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Foreign-Fund Insight: Four World-Stock Funds That Break the Mold

These global funds, unlike most of their peers, have wide appeal.

William Samuel Rocco, 04/23/2003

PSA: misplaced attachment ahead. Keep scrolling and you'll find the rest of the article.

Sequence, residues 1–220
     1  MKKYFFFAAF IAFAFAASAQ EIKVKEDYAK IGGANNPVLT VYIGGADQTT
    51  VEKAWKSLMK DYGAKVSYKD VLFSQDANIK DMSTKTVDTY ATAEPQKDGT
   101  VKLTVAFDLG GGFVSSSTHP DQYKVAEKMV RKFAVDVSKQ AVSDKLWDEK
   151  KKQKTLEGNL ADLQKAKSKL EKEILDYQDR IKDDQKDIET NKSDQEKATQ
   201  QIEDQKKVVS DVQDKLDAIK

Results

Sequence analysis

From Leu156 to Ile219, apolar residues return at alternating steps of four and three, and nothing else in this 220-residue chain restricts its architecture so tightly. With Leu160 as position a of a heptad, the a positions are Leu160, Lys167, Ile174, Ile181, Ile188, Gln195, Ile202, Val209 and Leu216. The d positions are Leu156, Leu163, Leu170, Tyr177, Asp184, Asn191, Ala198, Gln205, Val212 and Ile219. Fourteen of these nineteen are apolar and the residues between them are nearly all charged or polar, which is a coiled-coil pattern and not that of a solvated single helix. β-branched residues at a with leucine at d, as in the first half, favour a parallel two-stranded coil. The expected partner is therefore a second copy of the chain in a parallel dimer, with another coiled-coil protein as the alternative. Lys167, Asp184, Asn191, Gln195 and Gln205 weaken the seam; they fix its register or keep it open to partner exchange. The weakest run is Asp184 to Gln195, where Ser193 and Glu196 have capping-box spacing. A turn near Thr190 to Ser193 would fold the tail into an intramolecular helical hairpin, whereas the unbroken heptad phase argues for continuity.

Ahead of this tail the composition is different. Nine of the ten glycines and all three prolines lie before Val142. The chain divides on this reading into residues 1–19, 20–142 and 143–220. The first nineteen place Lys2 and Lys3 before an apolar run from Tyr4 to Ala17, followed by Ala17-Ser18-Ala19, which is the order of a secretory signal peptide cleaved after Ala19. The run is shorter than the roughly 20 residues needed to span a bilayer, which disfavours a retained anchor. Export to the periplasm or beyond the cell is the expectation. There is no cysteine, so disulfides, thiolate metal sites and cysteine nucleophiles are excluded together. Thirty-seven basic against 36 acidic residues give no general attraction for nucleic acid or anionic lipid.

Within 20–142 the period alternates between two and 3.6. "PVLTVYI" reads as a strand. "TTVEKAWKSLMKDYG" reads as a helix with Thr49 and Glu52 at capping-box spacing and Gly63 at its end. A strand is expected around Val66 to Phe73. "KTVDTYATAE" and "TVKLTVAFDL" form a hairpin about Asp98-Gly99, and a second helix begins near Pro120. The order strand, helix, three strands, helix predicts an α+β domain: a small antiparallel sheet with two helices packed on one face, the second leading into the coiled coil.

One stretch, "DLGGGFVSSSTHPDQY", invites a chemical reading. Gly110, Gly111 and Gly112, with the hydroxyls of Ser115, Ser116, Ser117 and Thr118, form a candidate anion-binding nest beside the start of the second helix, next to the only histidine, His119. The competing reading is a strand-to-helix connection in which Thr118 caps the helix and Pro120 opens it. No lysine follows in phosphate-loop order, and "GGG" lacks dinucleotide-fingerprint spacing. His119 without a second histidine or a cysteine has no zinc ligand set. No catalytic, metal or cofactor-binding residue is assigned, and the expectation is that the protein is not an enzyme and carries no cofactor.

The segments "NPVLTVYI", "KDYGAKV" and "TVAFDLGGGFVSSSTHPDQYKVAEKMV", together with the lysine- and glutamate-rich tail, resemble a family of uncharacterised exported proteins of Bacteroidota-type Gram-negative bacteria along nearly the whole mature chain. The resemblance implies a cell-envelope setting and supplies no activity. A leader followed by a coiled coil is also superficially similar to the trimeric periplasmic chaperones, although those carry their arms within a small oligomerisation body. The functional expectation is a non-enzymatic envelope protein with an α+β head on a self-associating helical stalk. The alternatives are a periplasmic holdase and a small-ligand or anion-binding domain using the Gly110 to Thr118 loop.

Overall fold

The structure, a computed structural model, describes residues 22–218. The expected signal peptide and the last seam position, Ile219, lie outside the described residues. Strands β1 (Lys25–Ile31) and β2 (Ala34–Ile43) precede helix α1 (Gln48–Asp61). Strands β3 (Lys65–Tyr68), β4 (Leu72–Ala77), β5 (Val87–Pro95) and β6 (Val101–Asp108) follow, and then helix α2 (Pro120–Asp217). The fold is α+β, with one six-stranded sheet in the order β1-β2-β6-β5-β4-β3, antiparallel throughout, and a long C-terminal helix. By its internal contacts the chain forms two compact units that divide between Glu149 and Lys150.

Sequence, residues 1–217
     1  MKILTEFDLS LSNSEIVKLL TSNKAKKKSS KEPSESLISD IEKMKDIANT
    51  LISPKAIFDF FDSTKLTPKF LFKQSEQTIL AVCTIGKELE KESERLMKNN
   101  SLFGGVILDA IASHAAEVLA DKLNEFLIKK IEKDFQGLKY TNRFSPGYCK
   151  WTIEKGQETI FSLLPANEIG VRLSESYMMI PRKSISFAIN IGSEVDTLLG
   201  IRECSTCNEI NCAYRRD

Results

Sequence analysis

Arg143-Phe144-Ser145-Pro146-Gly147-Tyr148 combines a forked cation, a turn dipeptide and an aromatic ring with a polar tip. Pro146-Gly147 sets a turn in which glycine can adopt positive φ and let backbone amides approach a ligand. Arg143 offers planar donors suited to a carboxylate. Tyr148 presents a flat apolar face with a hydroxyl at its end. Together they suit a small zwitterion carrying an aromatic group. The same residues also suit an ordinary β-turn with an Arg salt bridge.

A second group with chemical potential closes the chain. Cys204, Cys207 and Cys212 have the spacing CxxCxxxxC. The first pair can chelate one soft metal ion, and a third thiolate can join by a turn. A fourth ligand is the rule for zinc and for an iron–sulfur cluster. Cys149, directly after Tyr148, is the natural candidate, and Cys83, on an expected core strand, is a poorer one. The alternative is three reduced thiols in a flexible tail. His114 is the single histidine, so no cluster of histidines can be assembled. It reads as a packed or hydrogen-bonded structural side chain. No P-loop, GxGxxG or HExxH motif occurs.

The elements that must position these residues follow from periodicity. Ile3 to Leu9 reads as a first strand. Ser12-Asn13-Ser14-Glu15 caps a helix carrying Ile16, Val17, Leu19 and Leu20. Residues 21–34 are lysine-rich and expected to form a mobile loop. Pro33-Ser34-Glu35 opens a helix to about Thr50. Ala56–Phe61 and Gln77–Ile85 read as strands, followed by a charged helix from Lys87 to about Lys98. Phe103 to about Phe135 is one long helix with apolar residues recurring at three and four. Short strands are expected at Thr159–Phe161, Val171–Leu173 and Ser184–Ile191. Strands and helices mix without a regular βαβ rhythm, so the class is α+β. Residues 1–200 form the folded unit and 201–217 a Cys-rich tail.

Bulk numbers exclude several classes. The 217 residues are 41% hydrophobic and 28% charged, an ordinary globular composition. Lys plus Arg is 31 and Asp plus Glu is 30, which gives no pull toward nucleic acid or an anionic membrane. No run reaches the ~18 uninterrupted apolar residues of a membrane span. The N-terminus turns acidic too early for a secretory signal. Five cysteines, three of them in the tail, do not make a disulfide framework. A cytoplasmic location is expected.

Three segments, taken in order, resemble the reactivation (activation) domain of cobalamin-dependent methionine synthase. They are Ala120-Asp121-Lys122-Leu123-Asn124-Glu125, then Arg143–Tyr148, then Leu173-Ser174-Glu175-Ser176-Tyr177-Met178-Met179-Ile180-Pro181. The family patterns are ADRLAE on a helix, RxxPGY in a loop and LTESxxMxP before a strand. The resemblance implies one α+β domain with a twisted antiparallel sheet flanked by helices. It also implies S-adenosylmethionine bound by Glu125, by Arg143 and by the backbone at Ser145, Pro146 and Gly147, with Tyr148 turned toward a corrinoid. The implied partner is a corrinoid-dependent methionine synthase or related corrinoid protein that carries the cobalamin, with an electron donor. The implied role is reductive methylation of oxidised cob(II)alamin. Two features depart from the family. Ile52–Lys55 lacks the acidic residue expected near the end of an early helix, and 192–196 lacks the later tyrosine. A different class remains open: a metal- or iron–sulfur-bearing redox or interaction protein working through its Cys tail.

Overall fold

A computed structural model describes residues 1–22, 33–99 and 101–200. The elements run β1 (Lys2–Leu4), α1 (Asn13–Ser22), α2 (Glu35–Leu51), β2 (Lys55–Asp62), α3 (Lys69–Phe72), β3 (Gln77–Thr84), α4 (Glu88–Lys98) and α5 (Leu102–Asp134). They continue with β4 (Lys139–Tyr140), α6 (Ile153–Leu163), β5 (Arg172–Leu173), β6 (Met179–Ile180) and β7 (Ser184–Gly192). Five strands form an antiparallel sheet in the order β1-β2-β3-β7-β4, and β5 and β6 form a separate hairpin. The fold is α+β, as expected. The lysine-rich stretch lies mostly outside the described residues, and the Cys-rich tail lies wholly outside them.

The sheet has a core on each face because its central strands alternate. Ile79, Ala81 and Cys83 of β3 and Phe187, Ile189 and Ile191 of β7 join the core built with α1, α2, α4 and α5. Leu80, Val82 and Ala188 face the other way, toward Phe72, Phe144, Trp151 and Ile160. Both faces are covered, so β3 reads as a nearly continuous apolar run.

<P>The world-stock category, as we pointed out in a recent <A href="/articles/doc.asp?docId=2801" >Foreign Fund Insight</A>, suffers from some serious flaws.</P> <P>Global funds generally have gained far less than large-growth, large-blend, and large-value offerings over the past decade, so they tend to have little appeal as stand-alone vehicles. Most world-stock funds focus on U.S. blue chips--rather than taking full advantage of their go-anywhere purviews--which means they have minimal, if any, diversification value for investors who already own a domestic large-cap offering as their core holding.  /?>And the fact that these funds tend to be more expensive than either foreign-stock or domestic-equity funds further undermines their attractiveness.</P> <P>Nonetheless, the entire world-stock category should not be dismissed. A handful of offerings in the group have earned strong long-term records with large-cap disciplines and work quite well as stand-alone offerings. Following are two examples of world-stock funds with the attributes to serve as the anchor for a portfolio.</P> <P><STRONG>American Funds New Perspective</STRONG> <?XML:NAMESPACE PREFIX = MSTR /?><MSTR:SECURITY>ANWPX</MSTR:SECURITY></P> <P>This multimanager fund has gained an impressive 9.2% per year over the past decade. It has achieved this feat by buying undervalued blue chips and sticking with them--portfolio turnover is normally between 20% and 35% per year here. It also looks attractive from a risk perspective, partly due to an always-ample cash stake. An expense ratio of just 0.82%, which is cheap for any sort of actively run offering, rounds out its appeal.</P> <P><STRONG>Oppenheimer Global</STRONG> <MSTR:SECURITY>OPPAX</MSTR:SECURITY> </P> <P>Manager Bill Wilby relies on a theme-oriented large-growth strategy at this offering, and he has executed it quite well since taking the helm in late 1992. The fund has returned 10% per year over the past decade, and while it has been a bit more volatile than the typical world-stock fund, it has avoided major blowups, as Wilby pays considerable attention to issue diversification. And its expense ratio is quite reasonable, at 1.12%. </P> <P>Meanwhile, a few world-stock funds have earned strong long-term records while relying on all-cap deep-value disciplines. Read on for examples of two such funds that can complement a portfolio's domestic large-blend and large-growth offerings nicely in a supporting role.</P> <P><STRONG>Mutual Discovery</STRONG> <MSTR:SECURITY>TEDIX</MSTR:SECURITY></P> <P>David Winters and Tim Rankin pursue struggling companies of all sizes and even consider distressed debt. The result is an eclectic, smaller-cap-oriented portfolio with ample diversification value for investors who own a large-blend or large-growth offering as their core holding.</P> <P>And the fund's charms don’t end there. It has been far less volatile than most domestic smaller-value offerings as well as its world-stock rivals. And its long-term returns are terrific. Indeed, its older Z share class <MSTR:SECURITY>MDISX</MSTR:SECURITY>, which is only open to institutional investors, has returned 12% per year over the past decade, while the typical mid-value and small-value offerings have gained about 9% per annum and the average world-stock offering has returned 6% per year during that period. </P> <P><STRONG>Oakmark Global</STRONG> <MSTR:SECURITY>OAKGX</MSTR:SECURITY></P> <P>Greg Jackson and Michael Welsh tend to favor smaller firms as they look for companies that are trading at a significant discount to their intrinsic value. Thus, the fund normally falls in the mid-cap section of the style box, and its portfolio usually overlaps only modestly with most large-blend and large-growth ports. But it has much more than diversification value to offer.</P> <P>This young fund has returned an impressive 11% per year over the past three years, despite struggling in early 2003, as Jackson and Welsh's stock selection has been quite good overall. That said, investors should note that big positions in individual names are common here, so the fund carries a good bit of issue-specific risk.</P> <P><EM>William Samuel Rocco is an analyst with Morningstar.</EM></P>

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